HomeColumbiaSC man pleads guilty to nearly $500,000 COVID benefits fraud, used money...

SC man pleads guilty to nearly $500,000 COVID benefits fraud, used money to buy BMW and expensive motorcycle

Michael Eugene Bowers, 51, from Columbia, has admitted to committing fraud involving COVID-related benefits. During the investigation, it was discovered that Bowers had applied for an Economic Injury Disaster Loan (EIDL) via the Small Business Administration (SBA). He successfully obtained $480,900 on December 20, 2021, the US Department of Justice said in a press release.

This amount was transferred into a bank account under his control. Bowers then misused these funds for his personal use, including buying a Suzuki motorcycle and paying off a BMW car. He is now facing a potential maximum sentence of 20 years in federal prison, along with a fine that could go up to $250,000. Additionally, he may have to pay restitution and undergo three years of supervised release after his prison term.

United States Senior District Judge Joseph F. Anderson, Jr. has accepted Bowers’ guilty plea and is awaiting a sentencing report from the U.S. Probation Office before deciding on the sentence. In response to the pandemic, the Attorney General initiated the COVID-19 Fraud Enforcement Task Force on May 17, 2021. This task force aims to consolidate resources from the Department of Justice and other agencies to fight and prevent fraud linked to the pandemic.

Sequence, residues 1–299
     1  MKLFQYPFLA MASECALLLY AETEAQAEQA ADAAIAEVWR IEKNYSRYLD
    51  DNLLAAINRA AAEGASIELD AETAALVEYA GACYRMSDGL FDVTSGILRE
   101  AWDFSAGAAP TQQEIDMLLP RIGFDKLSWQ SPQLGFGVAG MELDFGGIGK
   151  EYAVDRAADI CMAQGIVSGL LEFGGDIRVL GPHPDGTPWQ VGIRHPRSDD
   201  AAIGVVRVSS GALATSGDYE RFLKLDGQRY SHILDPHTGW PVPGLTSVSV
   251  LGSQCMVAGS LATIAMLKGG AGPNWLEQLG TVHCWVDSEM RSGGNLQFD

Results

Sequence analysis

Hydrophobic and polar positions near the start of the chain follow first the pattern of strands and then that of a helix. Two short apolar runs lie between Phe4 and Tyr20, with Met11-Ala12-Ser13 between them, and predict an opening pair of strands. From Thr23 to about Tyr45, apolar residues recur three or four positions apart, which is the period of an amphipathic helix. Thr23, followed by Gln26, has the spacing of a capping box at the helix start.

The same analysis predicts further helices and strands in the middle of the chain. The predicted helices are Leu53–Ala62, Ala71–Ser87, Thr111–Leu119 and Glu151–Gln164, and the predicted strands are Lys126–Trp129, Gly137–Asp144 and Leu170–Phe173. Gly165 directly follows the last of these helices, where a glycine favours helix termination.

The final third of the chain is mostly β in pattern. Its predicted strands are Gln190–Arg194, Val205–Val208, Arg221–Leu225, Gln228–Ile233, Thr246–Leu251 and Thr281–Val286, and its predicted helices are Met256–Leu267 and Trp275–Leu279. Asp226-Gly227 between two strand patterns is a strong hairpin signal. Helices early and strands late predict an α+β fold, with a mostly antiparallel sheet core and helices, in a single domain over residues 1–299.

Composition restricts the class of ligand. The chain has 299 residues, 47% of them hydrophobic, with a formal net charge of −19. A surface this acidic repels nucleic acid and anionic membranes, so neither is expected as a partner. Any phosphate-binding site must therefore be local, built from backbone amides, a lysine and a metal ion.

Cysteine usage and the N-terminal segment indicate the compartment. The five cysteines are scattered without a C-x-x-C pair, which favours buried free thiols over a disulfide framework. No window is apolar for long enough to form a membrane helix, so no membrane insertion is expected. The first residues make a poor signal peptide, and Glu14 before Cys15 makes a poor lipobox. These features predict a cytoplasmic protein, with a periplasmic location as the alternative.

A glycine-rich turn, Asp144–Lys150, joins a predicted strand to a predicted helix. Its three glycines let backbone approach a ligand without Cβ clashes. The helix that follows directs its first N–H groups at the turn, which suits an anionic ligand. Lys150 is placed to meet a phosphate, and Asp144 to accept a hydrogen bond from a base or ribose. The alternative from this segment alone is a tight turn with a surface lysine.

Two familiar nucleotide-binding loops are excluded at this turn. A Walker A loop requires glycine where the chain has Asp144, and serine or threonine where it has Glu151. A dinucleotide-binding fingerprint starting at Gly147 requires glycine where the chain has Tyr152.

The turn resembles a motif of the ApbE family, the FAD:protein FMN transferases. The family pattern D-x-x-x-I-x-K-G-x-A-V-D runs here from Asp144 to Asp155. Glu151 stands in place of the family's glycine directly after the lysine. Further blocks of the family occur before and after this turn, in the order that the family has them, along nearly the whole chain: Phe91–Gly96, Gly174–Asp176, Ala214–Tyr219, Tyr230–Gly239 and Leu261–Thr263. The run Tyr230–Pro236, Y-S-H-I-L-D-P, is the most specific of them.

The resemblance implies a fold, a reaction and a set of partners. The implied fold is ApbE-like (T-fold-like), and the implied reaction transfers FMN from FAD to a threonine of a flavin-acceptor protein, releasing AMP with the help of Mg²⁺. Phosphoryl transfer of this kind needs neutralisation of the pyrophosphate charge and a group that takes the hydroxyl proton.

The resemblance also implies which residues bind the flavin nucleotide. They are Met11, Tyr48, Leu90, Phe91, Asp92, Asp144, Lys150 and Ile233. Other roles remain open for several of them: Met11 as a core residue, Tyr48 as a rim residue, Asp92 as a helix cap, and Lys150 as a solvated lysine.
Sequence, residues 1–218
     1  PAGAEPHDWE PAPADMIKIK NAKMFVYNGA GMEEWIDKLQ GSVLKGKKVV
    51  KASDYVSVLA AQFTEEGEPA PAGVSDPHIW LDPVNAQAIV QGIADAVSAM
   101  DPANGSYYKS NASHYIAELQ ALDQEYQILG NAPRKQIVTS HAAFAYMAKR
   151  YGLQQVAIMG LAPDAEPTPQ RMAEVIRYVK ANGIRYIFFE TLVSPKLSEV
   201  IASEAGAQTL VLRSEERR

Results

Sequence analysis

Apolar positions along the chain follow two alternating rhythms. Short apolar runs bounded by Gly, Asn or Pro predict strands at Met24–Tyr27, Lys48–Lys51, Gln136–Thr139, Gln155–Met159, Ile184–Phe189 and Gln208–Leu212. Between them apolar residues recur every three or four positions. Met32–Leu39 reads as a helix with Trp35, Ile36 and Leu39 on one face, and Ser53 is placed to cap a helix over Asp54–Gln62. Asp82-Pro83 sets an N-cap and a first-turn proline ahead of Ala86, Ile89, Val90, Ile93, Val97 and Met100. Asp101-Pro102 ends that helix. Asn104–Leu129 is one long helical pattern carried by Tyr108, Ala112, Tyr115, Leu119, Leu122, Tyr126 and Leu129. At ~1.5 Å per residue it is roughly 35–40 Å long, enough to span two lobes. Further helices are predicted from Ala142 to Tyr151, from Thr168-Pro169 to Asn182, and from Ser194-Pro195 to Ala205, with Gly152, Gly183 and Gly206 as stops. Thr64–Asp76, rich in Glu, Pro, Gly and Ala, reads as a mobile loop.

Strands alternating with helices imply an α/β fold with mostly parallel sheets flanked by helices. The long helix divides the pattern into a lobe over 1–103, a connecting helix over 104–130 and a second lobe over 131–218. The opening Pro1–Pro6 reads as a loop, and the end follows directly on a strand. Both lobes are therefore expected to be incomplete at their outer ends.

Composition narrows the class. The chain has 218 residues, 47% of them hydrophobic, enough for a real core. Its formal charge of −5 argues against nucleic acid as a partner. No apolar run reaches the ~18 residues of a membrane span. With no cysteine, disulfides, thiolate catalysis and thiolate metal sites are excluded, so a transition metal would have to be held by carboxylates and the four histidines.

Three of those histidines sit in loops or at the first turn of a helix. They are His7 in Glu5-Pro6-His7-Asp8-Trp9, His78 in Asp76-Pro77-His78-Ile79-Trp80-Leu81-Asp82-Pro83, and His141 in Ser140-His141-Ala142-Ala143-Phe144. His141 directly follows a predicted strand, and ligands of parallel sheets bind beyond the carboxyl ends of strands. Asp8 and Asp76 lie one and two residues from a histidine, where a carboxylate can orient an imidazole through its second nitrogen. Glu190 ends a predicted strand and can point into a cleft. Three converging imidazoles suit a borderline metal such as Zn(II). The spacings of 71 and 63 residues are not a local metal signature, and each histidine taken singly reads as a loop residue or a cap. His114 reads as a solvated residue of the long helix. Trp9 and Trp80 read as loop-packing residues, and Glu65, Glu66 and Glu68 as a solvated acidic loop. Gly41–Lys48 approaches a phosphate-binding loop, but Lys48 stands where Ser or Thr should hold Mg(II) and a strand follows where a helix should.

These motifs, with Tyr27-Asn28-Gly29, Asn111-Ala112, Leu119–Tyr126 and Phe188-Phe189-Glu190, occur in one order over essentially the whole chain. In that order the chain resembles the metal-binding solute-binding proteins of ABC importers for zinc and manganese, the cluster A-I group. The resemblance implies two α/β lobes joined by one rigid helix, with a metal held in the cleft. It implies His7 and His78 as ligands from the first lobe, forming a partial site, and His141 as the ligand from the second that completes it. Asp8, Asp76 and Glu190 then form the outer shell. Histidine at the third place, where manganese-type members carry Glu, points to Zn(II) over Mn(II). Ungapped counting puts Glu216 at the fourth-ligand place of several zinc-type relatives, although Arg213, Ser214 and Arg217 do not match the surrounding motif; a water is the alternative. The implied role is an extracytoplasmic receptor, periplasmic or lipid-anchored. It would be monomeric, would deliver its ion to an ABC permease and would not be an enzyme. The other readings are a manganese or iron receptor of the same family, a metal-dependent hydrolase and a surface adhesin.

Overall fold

The Task Force strengthens the efforts to identify, investigate, and prosecute major domestic and international fraud cases. It also supports agencies managing relief programs to prevent fraud by improving coordination, employing new methods to detect fraudsters, and utilizing lessons from previous enforcement actions. For further details on how the department is handling pandemic-related crimes, visit Justice.gov/Coronavirus/CombatingFraud.

Michael Eugene Bowers, 51, from Columbia, has admitted to committing fraud involving COVID-related benefits, got nearly $500,000
Credit: Unsplash Premium

Read also: South Carolina woman sentenced to more than five decades in prison for shooting dead her ex, injuring another woman

Anyone with information about allegations of attempted fraud involving COVID-19 can report it by using the Department of Justice’s National Center for Disaster Fraud (NCDF)’s Web Complaint Form. This case was investigated by the United States Secret Service. Assistant U.S. Attorneys Winston Holliday and Scott Matthews are prosecuting the case.

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